James Forsyth The Spectator
The government always knew it would have to expend political capital to get its planning reforms through. Making it easier to build houses was never going to be popular with Tories in leafy areas. The benefit of an 80-seat majority was meant to be the ability to push through difficult but important changes. The problem is, as I say in the magazine this week, that the government has been expending political capital on rather a lot of other things recently.Tory MPs are in a fractious mood, irritated by the number of U-turns
Tory MPs are in a fractious mood, irritated by the number of U-turns, and opposition to planning reform is beginning to build up. One normally mild-mannered former cabinet minister tells me: ‘If you think A-levels were bad, wait until people get their heads round these reforms.’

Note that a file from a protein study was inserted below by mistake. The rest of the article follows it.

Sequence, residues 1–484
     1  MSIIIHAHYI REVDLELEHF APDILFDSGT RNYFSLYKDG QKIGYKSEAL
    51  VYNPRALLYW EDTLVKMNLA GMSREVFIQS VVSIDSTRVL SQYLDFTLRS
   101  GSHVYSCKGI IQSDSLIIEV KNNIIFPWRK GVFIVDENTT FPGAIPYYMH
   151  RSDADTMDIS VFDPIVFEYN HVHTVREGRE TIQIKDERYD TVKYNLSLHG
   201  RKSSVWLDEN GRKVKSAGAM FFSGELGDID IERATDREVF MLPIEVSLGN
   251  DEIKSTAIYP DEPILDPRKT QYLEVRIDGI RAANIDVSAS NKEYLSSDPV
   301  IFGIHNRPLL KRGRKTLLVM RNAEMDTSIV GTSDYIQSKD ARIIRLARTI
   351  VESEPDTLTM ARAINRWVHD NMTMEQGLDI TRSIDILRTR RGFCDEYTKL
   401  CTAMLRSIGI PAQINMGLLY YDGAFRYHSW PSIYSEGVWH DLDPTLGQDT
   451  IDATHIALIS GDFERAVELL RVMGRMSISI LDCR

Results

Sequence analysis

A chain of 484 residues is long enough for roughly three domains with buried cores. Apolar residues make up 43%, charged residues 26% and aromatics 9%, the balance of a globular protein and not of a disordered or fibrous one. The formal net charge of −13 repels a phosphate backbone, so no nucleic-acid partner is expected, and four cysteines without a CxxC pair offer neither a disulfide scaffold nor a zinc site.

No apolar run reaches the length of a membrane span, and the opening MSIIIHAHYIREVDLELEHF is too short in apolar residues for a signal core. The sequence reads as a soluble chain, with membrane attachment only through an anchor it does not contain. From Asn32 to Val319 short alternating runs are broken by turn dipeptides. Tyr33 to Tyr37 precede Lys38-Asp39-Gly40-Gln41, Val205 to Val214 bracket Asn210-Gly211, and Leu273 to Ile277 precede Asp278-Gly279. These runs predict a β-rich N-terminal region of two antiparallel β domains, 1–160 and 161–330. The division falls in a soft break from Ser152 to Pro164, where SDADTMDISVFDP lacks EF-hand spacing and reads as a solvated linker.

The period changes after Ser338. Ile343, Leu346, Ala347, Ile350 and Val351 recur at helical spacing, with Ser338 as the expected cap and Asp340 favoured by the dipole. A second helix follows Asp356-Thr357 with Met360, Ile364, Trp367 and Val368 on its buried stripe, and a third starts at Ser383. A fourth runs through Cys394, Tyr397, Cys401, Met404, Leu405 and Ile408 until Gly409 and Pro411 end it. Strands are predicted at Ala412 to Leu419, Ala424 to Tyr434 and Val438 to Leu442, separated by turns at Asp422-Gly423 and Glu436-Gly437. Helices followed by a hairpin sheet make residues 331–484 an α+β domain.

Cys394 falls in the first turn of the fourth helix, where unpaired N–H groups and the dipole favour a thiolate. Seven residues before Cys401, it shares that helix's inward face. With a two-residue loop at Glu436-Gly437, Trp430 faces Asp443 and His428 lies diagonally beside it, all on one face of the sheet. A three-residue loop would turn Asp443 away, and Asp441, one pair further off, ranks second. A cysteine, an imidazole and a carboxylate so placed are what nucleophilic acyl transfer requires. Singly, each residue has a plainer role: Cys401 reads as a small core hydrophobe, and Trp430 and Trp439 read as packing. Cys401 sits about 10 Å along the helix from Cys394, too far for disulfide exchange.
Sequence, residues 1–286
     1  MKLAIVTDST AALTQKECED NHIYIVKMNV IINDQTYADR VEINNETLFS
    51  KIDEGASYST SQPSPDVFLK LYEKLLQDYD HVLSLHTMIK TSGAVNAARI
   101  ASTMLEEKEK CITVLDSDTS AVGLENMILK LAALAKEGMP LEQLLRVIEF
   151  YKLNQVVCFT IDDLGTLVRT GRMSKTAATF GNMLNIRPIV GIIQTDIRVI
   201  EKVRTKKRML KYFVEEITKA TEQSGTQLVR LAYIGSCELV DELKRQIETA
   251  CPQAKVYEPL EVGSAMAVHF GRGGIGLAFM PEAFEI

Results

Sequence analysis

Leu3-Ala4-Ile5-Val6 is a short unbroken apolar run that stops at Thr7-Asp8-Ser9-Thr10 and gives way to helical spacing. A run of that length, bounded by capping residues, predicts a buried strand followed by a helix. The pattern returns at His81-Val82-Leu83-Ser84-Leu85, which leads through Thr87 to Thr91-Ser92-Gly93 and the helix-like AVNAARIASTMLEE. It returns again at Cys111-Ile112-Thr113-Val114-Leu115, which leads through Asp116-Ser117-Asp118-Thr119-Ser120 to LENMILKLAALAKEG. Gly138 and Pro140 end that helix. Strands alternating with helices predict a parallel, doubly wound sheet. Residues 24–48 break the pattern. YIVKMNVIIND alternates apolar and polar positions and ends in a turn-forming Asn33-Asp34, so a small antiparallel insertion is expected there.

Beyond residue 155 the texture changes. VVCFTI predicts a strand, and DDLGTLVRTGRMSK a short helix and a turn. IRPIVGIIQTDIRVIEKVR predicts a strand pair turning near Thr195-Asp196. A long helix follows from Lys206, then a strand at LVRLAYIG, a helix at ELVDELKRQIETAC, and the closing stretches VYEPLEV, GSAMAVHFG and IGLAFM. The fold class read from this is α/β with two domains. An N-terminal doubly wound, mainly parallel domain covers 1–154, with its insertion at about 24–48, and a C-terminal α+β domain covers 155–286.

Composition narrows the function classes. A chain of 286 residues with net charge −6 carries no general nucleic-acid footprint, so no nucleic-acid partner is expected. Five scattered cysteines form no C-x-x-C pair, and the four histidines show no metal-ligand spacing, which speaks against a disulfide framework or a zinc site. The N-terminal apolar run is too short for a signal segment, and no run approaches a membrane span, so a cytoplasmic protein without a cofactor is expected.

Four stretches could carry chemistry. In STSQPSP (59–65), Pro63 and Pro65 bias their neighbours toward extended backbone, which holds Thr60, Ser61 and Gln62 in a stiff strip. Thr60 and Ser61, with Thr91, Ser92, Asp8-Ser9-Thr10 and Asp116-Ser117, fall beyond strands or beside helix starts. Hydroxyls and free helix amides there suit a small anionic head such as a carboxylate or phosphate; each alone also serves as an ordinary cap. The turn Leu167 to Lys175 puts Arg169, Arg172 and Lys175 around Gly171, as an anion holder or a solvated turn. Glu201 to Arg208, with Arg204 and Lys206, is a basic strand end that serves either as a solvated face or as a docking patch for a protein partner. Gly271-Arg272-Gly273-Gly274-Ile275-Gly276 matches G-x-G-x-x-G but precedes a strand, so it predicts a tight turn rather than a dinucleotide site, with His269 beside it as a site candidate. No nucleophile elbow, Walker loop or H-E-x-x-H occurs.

The government will try and take some of the heat out of the issue by refining the algorithm to determine housing needs, which is currently causing particular irritation among Tory MPs – there is a worry it’ll lead to too much housebuilding in the Tory shires. But the government won’t deny the need to build in areas where affordability is worst.
The recent U-turns have sent out a message that this government responds to pressure. So quite a few Tory MPs will now seek to apply that pressure over planning. The government mustn’t buckle, though. It needs to demonstrate that it will use its majority to enact change. To back down now would send an awful message: that even its most important policies can be dropped. And then the accusations of incompetence might really start to stick.